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Cancer nurses' assessment practice in the outpatient chemotherapy unit: a realist evaluation of the introduction of an assessment tool

Wilson, C. J. (2007). Cancer nurses' assessment practice in the outpatient chemotherapy unit: a realist evaluation of the introduction of an assessment tool. (Unpublished Doctoral thesis, City University London)


Assessment tools have been shown to increase the accuracy of professionals' assessment of patients (Heaven and Maguire 1997; Sollner et al 2001; Horton 2002; Hill et al 2003; Farrell et al 2005). Whilst structured assessment of patients with advanced cancer is recommended to enhance patients' experiences of illness and treatment and improve service provision to meet their needs NICE 2004, p24), little is known about the actual practice of using structured assessment tools. There is limited evidence that nurses have the skills required to use assessment tools. Evidence also suggests that nurses may be ill prepared and inadequately supported to deal with the consequences of more comprehensive assessment of patient need. This case study used realist evaluation to identify the impact of introducing a quality of life assessment tool in two outpatient chemotherapy units. Qualitative methods of non-participant observation, audio-recording, and individual interviews were used. 38 patients attending for palliative treatments and 10 nurses were recruited; 6 nurses completed all stages of the study. Data was collected in two phases with an interim period of training in between. In Phase 1, nurses assessed patients as usual. In Phase 2 the assessment tool was used. The nurse-patient assessment interaction was observed and tape-recorded. Interpretive interviews were conducted with nurses and patients to ascertain their perspectives of the assessment. Consistent with realist evaluation, data were analysed thematically to test and refine context-mechanism-outcome configurations. Social organisation as an underlying causal mechanism provided an explanatory framework for data analysis. Findings reveal that, prior to the introduction of the assessment tool, nurses' assessments were brief and treatment-related. After the introduction of the tool, assessments were patient-led, and focused on patients' experiences. Whilst patients valued this shift in focus, results demonstrate that the assessments were time-consuming and did not necessarily prompt appropriate multidisciplinary team referrals. The use of the tool was problematic for nurses, exposing them to emotionally challenging issues, and revealed gaps in their cancer and palliative care knowledge. These findings have been underplayed in recent policy and assessment guidance. Recommendations for practice, training and future research are made which may help to ensure that guidance is successfully rolled out in the future.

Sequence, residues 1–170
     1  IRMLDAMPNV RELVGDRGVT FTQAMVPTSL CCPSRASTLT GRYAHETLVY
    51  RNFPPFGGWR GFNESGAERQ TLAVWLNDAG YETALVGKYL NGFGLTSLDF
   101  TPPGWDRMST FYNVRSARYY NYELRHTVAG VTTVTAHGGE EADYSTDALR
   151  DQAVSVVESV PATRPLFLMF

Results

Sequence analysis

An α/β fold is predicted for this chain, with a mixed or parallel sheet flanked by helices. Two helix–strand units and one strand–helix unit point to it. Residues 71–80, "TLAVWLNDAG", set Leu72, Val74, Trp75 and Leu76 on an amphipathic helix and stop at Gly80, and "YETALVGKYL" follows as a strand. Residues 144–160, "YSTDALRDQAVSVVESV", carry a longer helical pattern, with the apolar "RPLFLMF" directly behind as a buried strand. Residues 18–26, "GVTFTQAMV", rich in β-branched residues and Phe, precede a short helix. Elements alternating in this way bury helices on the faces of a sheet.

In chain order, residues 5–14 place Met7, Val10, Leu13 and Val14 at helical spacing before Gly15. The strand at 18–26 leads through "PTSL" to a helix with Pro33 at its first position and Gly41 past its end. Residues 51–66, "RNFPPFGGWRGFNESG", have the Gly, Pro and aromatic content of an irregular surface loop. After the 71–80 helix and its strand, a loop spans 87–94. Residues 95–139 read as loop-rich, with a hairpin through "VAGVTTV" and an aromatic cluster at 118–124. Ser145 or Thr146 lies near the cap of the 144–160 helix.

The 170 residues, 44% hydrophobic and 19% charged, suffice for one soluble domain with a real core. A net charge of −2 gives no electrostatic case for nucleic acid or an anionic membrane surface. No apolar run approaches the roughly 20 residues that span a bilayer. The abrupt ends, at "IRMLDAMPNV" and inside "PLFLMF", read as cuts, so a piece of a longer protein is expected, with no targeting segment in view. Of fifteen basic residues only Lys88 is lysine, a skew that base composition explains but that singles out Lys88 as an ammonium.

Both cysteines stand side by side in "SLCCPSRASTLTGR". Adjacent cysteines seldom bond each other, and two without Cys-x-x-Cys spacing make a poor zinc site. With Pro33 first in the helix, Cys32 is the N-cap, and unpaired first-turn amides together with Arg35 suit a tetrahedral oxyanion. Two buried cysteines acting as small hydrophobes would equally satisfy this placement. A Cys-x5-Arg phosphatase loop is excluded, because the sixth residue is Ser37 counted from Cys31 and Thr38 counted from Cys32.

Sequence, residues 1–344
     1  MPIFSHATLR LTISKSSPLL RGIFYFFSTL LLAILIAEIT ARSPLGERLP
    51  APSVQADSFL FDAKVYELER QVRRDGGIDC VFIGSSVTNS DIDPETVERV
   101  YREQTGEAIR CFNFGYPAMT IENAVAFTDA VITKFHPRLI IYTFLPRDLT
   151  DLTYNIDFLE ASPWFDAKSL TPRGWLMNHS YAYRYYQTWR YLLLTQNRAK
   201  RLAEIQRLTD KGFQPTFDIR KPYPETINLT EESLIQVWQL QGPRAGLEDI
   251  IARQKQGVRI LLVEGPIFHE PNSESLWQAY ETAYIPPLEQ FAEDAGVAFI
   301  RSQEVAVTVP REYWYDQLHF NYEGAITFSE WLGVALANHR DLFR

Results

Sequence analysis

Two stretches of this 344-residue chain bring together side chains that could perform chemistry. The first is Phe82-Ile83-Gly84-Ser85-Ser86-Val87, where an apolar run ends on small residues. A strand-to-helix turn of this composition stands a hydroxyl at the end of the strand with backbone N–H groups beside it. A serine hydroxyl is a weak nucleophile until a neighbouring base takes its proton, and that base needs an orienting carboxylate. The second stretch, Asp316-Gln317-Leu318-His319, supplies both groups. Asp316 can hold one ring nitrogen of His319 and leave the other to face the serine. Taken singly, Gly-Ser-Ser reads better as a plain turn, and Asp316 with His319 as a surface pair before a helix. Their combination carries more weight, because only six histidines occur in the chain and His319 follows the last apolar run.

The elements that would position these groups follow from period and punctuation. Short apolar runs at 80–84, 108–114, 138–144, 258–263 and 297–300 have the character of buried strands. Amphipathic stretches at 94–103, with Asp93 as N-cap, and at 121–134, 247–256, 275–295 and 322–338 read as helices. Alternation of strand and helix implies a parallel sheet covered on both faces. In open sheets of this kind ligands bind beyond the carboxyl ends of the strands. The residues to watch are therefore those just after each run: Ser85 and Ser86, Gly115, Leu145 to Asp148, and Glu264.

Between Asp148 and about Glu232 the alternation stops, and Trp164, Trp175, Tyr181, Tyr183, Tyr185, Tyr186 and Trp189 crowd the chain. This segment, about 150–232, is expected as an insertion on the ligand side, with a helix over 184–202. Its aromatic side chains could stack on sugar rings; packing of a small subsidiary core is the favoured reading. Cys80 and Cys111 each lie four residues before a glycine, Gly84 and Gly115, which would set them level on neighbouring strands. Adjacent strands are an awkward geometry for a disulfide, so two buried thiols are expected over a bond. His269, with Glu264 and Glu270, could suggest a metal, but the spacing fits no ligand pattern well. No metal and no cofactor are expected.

Publication Type: Thesis (Doctoral)
Subjects: R Medicine > RT Nursing
Departments: Doctoral Theses
School of Health & Psychological Sciences > School of Health & Psychological Sciences Doctoral Theses
School of Health & Psychological Sciences > Nursing
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